Stereotypically, speaking one of these languages is a sign of poor education, sometimes even boorishness: in the popular eye, you’re not speaking a different language, you’re simply speaking Italian wrong.
To see how deep the brainwashing goes: suffice to say that it’s not uncommon, when travelling to areas where these languages are still commonly spoken, to address a local in Italian and receive an answer in the local language. When it becomes clear to them that you don’t understand a word of what they’re saying, the locals are often puzzled and surprised, because they’re sincerely convinced they’re speaking Italian!
To better highlight the differences between Italian and these languages, here’s the same short passage in Italian and in my own regional language, Emilian (Bologna dialect):
Si bisticciavano un giorno il Vento di Tramontana e il Sole, l’uno pretendendo d’esser più forte dell’altro, quando videro un viaggiatore, che veniva innanzi avvolto nel mantello. I due litiganti convennero allora che si sarebbe ritenuto più forte chi fosse riuscito a far sì che il viaggiatore si togliesse il mantello di dosso.
Un dé al Vänt ed såtta e al Såul i tacagnèven, parché ognón l avêva la pretaiśa d èser pió fôrt che cl èter. A un zêrt pónt i vdénn un òmen ch’al vgnêva inànz arvujè int una caparèla. Alåura, pr arsôlver la lît, i cunvgnénn ch’al srêv stè cunsidrè pió fôrt quall ed låur ch’al fóss arivè d åura ed fèr in môd che cl òmen al s cavéss la caparèla d’indòs.
Pretty different, aren’t they?
Here’s the English version of the same passage for reference:
The North Wind and the Sun were disputing which was the stronger, when a traveller came along wrapped in a warm cloak. They agreed that the one who first succeeded in making the traveller take his cloak off should be considered stronger than the other.
It is pretty hard to argue that these two are the same language, and yet this is what most people in Italy believe, thinking of Emilian as a distorted or corrupted form of Italian.
Compare this to the situation during the Renaissance, when Emilian was actually a very prestigious language, to the point that Dante himself once wrote an essay defending it from those who would claim the superiority of Latin, calling it the most elegant of the languages of Italy.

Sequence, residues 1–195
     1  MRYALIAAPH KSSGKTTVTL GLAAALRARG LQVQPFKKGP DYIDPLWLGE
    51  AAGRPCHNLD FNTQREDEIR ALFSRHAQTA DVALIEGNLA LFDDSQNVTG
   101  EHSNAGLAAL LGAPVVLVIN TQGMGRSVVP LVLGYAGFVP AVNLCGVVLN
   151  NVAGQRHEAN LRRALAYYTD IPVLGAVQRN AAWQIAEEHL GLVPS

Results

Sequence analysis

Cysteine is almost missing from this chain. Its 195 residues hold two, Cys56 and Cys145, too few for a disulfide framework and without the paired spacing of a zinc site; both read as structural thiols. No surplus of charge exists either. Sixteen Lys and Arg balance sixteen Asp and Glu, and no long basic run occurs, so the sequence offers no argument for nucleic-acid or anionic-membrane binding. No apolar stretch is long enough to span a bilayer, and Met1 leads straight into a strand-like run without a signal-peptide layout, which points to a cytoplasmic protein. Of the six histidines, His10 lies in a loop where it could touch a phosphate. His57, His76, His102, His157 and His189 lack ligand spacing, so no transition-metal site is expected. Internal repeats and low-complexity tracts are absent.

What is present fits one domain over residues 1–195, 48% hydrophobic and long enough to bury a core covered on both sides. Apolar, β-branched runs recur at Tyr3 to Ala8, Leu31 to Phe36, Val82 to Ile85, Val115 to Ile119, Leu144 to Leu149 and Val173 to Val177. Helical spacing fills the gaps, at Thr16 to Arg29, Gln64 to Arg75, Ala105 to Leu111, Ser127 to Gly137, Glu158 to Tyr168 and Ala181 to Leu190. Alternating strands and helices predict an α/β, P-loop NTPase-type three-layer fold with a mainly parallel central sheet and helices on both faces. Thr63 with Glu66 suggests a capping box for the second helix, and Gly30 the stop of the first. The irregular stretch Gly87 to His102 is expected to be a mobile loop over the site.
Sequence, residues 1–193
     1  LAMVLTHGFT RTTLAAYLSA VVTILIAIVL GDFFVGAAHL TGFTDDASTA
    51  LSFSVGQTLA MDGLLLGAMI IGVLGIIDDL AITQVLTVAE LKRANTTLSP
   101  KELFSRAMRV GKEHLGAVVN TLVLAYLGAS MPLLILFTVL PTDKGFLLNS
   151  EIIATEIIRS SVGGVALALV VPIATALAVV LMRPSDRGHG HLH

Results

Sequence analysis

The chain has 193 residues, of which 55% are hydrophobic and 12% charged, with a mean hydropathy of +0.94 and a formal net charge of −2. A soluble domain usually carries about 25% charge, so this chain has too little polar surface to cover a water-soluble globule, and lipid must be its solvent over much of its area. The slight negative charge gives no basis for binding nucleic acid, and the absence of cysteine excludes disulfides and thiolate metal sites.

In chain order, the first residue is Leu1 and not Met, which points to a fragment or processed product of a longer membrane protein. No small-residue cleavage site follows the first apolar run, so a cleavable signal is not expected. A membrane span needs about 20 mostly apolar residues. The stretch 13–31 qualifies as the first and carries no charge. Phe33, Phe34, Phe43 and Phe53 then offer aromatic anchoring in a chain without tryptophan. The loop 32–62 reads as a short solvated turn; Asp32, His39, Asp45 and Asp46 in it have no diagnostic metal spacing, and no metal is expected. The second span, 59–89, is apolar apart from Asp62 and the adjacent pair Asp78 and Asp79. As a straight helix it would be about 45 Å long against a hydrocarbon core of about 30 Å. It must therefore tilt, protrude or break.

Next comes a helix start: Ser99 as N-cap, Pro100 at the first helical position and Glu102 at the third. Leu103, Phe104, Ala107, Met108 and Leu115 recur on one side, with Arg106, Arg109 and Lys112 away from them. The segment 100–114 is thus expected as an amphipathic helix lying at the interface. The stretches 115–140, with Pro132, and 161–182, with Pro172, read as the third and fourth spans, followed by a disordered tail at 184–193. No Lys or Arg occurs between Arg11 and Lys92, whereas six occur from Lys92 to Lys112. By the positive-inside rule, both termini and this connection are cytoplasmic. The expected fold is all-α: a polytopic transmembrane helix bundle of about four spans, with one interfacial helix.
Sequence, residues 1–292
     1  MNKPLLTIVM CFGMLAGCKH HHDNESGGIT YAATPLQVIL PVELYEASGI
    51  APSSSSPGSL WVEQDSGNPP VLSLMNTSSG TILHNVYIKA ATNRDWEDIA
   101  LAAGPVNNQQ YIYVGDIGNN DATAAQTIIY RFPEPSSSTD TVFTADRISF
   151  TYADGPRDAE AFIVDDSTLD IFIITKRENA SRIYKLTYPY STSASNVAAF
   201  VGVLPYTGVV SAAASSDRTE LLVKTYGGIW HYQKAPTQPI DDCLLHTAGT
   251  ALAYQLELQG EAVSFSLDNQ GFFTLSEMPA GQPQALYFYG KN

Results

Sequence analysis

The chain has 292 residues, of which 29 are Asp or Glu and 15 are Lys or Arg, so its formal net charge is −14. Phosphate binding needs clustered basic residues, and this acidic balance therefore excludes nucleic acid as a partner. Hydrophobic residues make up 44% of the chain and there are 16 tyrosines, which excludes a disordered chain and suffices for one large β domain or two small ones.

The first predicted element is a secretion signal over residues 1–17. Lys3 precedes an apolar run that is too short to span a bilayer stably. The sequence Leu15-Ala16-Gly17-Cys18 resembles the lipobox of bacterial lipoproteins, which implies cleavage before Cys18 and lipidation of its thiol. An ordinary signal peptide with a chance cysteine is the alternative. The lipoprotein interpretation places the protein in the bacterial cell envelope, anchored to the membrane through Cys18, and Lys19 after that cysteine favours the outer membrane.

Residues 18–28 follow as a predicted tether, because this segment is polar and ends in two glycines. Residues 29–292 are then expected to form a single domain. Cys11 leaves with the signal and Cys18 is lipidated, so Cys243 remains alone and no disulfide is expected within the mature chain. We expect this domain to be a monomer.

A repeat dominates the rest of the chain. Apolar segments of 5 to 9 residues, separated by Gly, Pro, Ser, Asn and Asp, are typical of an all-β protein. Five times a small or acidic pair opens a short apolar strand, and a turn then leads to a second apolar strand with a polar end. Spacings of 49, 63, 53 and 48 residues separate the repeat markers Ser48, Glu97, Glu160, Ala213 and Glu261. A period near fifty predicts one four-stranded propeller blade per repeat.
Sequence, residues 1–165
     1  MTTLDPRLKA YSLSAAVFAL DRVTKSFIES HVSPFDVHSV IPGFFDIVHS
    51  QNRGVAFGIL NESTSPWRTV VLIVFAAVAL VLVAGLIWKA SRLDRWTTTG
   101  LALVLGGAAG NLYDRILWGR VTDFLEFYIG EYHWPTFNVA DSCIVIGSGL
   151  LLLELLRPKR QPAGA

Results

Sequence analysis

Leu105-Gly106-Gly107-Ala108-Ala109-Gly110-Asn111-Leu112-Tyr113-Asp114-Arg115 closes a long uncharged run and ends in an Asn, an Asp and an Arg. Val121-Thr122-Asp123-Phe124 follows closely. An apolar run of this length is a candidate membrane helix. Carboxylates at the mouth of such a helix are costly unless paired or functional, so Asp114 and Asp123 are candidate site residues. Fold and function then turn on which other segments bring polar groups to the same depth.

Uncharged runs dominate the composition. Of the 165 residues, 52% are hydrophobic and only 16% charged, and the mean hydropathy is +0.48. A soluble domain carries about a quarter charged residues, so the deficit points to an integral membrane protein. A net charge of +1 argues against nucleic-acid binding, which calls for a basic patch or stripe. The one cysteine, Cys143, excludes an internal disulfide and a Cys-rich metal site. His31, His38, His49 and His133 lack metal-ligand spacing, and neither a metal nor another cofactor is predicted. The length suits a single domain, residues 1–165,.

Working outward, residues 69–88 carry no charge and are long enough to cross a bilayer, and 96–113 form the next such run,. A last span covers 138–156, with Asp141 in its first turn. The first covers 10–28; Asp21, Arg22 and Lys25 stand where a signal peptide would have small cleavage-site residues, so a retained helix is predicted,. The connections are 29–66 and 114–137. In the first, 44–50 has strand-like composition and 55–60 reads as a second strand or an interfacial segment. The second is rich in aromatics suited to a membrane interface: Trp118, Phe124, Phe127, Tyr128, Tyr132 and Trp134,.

Italy is by no means an isolated example, as I’ve already made clear in the first section of this post: wherever you go in the world, you’ll find dozens of languages being suppressed and driven to extinction due to myopic language policies left over from an era of nationalism and intolerance.
The good news is that the situation is improving: in Italy, regional languages are not stigmatised as they once were. In fact, many people take pride in speaking their local language, and steps are being taken to teach it to the youngest generations and preserving them through literature and modern media. However, the damage done in the past is enormous, and it will take an equally enormous effort to restore these languages to the level of health they enjoyed a hundred years ago. For some of them it might very well be too late.
So if you speak a minority language, or know someone who does, take pride in it. Teach it to your children. They’re not “useless”, they’re not marks of poor education, they are languages, as dignified and deep as any national language.
And don’t mind the naysayers: whenever someone tells me Emilian is a language for farmers, incapable of the breadth of expression displayed by Italian, I remind them that when Mozart studied music in Bologna, he spoke Emilian, not Italian; and that when the oldest university in the western world opened its doors in 1088, and for 700 years after that, it was Emilian, not Italian, that was spoken in its halls.
- Lisa discussed the tricky question of what’s a language and what’s a dialect here ↑
- The same thing that happens to Scots or AAVE. See here ↑
- The passages are taken from a short story used to compare different italian regional languages. All currently recorded versions can be found here. ↑